13.7 Sequence-Generating Algorithms

Obtaining the Source

The algorithms described in this section are all used to generate a new sequence from an existing sequence by performing some type of transformation. In most cases, the output sequence is described by an output iterator. This means these algorithms can be used to overwrite an existing structure (such as a vector). Alternatively, by using an insert iterator (see Section 2.4), the algorithms can insert the new elements into a variable length structure, such as a set or list. Finally, in some cases which we will note, the output iterator can be the same as one of the sequences specified by an input iterator, thereby providing the ability to make an in-place transformation.

The functions partial_sum() and adjacent_difference() are declared in the header file numeric, while the other functions are described in the header file algorithm.

13.7.1 Transform One or Two Sequences

The algorithm transform() is used either to make a general transformation of a single sequence, or to produce a new sequence by applying a binary function in a pair-wise fashion to corresponding elements from two different sequences. The general definition of the argument and result types are as follows:

```OutputIterator transform (InputIterator first, InputIterator last,
OutputIterator result, UnaryFunction);
OutputIterator transform
(InputIterator first1, InputIterator last1,
InputIterator first2,  OutputIterator result, BinaryFunction);
```

The first form applies a unary function to each element of a sequence. In the example program given below, this is used to produce a vector of integer values that hold the arithmetic negation of the values in a linked list. The input and output iterators can be the same, in which case the transformation is applied in-place, as shown in the example program.

The second form takes two sequences and applies the binary function in a pair-wise fashion to corresponding elements. The transaction assumes, but does not verify, that the second sequence has at least as many elements as the first sequence. Once more, the result can either be a third sequence, or either of the two input sequences.

```int square(int n) { return n * n; }

void transform_example ()
// illustrate the use of the transform algorithm
{
// generate a list of value 1 to 6
list<int> aList;
generate_n (inserter(aList, aList.begin()), 6, iotaGen(1));

// transform elements by squaring, copy into vector
vector<int> aVec(6);
transform (aList.begin(), aList.end(), aVec.begin(), square);

// transform vector again, in place, yielding 4th powers
transform (aVec.begin(), aVec.end(), aVec.begin(), square);

// transform in parallel, yielding cubes
vector<int> cubes(6);
transform (aVec.begin(), aVec.end(), aList.begin(),
cubes.begin(), divides<int>());
}
```

13.7.2 Partial Sums

A partial sum of a sequence is a new sequence in which every element is formed by adding the values of all prior elements. For example, the partial sum of the vector 1 3 2 4 5 is the new vector 1 4 6 10 15. The element 4 is formed from the sum 1 + 3, the element 6 from the sum 1 + 3 + 2, and so on. Although the term "sum" is used in describing the operation, the binary function can, in fact, be any arbitrary function. The example program illustrates this by computing partial products. The arguments to the partial sum function are described as follows:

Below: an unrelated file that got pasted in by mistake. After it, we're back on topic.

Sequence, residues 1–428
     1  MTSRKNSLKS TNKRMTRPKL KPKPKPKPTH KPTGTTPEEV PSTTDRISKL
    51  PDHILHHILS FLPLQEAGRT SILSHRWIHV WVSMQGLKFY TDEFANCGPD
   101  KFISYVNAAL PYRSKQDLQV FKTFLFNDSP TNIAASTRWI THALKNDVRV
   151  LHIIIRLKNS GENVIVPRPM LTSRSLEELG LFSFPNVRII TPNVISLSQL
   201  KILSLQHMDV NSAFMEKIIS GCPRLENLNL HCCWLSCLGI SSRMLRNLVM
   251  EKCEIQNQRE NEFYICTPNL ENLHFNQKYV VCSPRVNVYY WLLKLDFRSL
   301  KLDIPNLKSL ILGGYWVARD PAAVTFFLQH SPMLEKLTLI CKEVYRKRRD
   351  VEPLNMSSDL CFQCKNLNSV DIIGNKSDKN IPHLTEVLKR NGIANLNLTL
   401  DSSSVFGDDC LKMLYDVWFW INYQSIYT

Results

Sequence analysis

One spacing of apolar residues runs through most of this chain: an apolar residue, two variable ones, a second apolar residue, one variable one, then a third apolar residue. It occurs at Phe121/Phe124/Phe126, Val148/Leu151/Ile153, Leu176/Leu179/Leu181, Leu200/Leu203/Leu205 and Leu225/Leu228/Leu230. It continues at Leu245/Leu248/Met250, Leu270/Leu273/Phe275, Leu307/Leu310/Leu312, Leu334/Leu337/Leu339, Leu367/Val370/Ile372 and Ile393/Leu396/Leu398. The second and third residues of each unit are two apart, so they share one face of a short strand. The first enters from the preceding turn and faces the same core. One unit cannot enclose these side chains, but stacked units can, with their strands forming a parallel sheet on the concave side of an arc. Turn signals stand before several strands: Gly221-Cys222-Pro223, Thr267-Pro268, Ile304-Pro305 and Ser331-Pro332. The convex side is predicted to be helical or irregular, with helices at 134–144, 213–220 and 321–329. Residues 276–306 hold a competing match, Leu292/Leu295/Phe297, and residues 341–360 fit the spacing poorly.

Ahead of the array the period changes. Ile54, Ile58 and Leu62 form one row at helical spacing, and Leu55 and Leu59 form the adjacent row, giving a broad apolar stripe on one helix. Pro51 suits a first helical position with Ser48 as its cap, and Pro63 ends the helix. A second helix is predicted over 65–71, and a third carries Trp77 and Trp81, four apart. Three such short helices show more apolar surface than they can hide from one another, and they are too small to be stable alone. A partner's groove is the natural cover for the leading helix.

```OutputIterator partial_sum
(InputIterator first, InputIterator last,
OutputIterator result [, BinaryFunction] );
```

By using the same value for both the input iterator and the result the partial sum can be changed into an in-place transformation.

```void partial_sum_example ()
// illustrate the use of the partial sum algorithm
{
// generate values 1 to 5
vector<int> aVec(5);
generate (aVec.begin(), aVec.end(), iotaGen(1));

// output partial sums
partial_sum (aVec.begin(), aVec.end(),
ostream_iterator<int> (cout, " ")), cout << endl;

// output partial products
partial_sum (aVec.begin(), aVec.end(),
ostream_iterator<int> (cout, " "),
times<int>() );
}
```

An adjacent difference of a sequence is a new sequence formed by replacing every element with the difference between the element and the immediately preceding element. The first value in the new sequence remains unchanged. For example, a sequence such as (1, 3, 2, 4, 5) is transformed into (1, 3-1, 2-3, 4-2, 5-4), and in this manner becomes the sequence (1, 2, -1, 2, 1).

As with the algorithm partial_sum(), the term "difference" is not necessarily accurate, as an arbitrary binary function can be employed. The adjacent sums for this sequence are (1, 4, 5, 6, 9), for example. The adjacent difference algorithm has the following declaration:

```OutputIterator adjacent_difference (InputIterator first,
InputIterator last, OutputIterator result [, BinaryFunction ]);
```

By using the same iterator as both input and output iterator, the adjacent difference operation can be performed in place.

```void adjacent_difference_example ()
// illustrate the use of the adjacent difference algorithm
{
// generate values 1 to 5
vector<int> aVec(5);
generate (aVec.begin(), aVec.end(), iotaGen(1));

ostream_iterator<int,char> (cout, " ")), cout << endl;

ostream_iterator<int,char> (cout, " "),
plus<int>() );
}
```